Tuesday, January 18, 2011

Where should we look to see how to make a success of a small country? All eyes are on Kurdistan

By John McTernan

A country of five million people with oil reserves and a huge potential for renewable energy. Part of a larger country and sitting to the north of its more populous neighbour. Proud of its culture, history and progressive politics. With a parliament that's over a decade old with a far better record on women's rights than the national parliament. Governed by a nationalist party committed to self-determination. Where is this? Not Scotland but Kurdistan. This week, with the All-Party Parliamentary Group, I'm a guest of the parliament of Kurdistan. It's an eye-opening experience. 

In the abstract the establishment of democracy is often quoted in defence of the Iraq War. The Kurdish people look back further to the Gulf War and give John Major the credit for the no fly zone - US and UK planes protecting Kurdistan with daily patrols - which made the region a 'safe haven'. One of the first institutions, in 1992 , was the parliament. But economic development has only come with liberation and democratic government across Iraq. The consequent revenue sharing has led to a boom in public spending. Health care and education have rapidly expanded. As have universities where nearly half of the students are women. 

Not everything is perfect. Kurdistan is still in many ways a traditional culture and women's rights have a long way to go. Abortion is illegal. Divorce rare. Domestic violence unreported. Honour killing still too culturally acceptable. The Kurdish government have acted. Polygamy is illegal. The President and Prime Minister have said there is no honour in honour killings and they are treated by the police and courts as murder. Female genital mutilation is an appalling 25%, halved under cultural changes driven by the government, including fatwas, but remains a priority for elimination. Yet this is a story of real progress and the correct comparison is with regional neighbours, including other parts of Iraq. This is not just a progressive government but an example of what can be done. It is telling that the Christian minorities escaping violence in Baghdad and Mosul have fled to Kurdistan.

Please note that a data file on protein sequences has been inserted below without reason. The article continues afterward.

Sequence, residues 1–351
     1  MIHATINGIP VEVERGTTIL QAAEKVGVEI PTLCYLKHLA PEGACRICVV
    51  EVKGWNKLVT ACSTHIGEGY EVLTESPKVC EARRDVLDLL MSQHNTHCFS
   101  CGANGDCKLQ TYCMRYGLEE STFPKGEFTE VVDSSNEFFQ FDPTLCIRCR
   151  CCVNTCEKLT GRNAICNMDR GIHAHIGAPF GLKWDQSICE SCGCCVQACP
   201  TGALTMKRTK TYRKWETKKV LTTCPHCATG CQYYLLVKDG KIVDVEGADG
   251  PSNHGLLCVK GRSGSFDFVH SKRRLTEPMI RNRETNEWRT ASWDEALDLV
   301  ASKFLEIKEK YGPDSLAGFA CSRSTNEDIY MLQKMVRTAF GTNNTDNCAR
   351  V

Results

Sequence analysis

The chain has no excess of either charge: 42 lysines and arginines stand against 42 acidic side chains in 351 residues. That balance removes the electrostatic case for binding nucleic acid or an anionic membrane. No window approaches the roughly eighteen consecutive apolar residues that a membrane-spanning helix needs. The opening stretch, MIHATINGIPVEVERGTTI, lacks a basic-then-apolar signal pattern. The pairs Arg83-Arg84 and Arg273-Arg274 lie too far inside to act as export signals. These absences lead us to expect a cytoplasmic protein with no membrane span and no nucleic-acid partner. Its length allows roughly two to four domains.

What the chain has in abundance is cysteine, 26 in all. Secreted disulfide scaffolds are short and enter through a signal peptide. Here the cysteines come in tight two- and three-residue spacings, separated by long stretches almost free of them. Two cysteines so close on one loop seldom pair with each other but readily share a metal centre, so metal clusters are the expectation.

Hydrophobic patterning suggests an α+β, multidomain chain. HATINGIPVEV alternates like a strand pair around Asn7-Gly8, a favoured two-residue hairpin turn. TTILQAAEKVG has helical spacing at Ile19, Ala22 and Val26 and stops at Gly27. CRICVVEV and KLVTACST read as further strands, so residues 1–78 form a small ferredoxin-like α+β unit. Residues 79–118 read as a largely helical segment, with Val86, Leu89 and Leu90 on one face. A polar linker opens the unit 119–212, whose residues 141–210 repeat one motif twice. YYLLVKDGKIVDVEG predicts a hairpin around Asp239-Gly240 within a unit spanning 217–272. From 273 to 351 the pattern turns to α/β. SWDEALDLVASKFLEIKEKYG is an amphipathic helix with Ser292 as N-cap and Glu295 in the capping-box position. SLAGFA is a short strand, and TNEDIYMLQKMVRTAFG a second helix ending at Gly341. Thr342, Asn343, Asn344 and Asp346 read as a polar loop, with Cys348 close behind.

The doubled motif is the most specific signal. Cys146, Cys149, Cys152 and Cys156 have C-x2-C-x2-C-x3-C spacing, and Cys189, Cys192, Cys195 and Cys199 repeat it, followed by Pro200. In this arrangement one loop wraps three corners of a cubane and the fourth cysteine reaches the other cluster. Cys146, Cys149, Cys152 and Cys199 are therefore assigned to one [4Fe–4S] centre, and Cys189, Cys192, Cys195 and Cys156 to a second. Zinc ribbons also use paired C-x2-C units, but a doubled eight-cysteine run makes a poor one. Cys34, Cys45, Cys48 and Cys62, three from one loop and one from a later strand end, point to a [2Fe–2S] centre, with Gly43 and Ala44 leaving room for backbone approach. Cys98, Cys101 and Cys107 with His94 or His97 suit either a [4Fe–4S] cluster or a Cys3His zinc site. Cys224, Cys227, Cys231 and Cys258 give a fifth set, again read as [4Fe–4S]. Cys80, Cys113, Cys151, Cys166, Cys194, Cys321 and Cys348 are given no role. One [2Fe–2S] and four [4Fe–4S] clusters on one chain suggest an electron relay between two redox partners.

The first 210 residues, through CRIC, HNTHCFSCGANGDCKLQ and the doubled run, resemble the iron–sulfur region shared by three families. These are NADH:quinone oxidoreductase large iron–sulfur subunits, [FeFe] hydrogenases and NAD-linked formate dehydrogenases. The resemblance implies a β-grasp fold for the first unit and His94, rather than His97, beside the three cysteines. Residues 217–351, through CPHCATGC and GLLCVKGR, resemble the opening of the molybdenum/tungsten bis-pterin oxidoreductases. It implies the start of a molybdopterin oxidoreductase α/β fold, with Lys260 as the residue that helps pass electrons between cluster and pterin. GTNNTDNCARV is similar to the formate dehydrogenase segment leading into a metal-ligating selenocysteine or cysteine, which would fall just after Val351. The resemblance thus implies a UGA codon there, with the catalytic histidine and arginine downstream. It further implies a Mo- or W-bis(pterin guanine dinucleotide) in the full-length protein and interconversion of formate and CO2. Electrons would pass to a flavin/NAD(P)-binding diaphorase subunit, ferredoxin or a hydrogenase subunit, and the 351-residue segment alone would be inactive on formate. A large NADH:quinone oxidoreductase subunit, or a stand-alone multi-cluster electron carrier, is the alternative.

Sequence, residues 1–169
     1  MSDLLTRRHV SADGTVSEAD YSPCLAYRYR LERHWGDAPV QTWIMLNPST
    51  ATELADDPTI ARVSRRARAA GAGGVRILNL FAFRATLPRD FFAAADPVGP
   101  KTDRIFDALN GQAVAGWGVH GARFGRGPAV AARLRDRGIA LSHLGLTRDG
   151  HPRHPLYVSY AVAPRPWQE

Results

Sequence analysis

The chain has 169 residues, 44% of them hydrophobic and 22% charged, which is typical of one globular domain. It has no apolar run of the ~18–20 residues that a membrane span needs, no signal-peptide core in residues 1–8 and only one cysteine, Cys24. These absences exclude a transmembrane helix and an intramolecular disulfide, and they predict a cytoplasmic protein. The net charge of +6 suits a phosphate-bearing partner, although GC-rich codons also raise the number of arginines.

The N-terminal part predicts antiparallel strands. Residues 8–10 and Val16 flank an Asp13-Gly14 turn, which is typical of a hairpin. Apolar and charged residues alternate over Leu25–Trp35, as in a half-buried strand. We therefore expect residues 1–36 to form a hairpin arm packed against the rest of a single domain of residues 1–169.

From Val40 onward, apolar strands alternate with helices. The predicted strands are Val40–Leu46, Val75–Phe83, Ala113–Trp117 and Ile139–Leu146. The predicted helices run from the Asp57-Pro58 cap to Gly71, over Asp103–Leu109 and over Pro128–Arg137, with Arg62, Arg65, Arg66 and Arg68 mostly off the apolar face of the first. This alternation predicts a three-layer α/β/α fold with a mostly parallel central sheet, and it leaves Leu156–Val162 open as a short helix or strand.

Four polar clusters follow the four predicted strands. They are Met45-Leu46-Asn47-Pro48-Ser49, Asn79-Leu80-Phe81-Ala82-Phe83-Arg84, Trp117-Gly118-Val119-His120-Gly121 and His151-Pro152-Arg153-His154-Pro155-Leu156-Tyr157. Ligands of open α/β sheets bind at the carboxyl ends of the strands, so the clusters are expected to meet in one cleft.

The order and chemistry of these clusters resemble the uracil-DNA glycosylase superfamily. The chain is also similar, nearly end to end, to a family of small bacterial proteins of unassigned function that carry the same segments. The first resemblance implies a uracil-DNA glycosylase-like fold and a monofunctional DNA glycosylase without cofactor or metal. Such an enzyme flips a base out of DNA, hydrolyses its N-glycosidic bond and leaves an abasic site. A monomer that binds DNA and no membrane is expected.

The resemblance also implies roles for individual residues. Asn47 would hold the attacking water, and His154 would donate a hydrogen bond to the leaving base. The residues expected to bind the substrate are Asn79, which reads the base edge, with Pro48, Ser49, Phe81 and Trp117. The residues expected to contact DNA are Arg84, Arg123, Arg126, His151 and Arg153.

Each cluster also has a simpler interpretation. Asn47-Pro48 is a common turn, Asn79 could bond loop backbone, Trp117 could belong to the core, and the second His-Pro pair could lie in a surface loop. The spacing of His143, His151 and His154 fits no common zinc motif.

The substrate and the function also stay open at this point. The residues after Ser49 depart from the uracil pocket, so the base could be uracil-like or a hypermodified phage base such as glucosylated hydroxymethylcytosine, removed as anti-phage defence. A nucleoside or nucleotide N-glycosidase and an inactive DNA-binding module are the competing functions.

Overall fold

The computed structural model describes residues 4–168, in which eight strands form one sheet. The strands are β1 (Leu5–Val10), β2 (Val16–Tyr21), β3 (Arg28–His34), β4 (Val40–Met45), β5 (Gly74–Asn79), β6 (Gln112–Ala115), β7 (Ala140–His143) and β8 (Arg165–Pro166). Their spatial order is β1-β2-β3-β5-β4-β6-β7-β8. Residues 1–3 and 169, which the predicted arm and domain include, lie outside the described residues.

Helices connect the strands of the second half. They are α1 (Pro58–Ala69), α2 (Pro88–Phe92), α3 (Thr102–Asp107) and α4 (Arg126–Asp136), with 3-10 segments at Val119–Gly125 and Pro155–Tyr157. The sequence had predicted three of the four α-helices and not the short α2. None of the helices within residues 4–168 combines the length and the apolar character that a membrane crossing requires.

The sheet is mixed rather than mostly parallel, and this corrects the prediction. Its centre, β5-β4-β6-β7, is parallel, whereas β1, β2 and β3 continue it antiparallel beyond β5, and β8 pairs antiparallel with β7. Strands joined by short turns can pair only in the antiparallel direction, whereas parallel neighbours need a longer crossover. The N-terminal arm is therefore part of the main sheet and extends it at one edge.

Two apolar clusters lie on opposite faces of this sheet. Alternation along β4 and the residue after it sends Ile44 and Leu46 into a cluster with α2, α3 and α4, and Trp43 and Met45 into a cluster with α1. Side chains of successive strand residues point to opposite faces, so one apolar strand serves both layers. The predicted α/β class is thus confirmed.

There are real business opportunities too. Most of the Kurdish regional government's budget is capital spending on infrastructure - $5-6bn a year. Tenders are being issued for masterplans, industrial parks, airports and highways. The irony is that French companies are doing far better than British ones despite France opposing the Iraq War. There is a real desire for British companies to work here. Indeed, the areas of growth would suit many Scottish companies. Water collection, irrigation and hydro-power are priorities. Suitable for Scottish Water with its new remit, perhaps? Oil and gas exploration is expanding. Modern industrial parks and manufacturing - from steel to pharmaceuticals - for the wider region are government priorities. And foreign companies get land free and no taxes for ten years. As for security, the Top Gear team declare Kurdistan as safe as Cheltenham in their Christmas special. Surely it's time for one of SCDI's excellent trade delegations?

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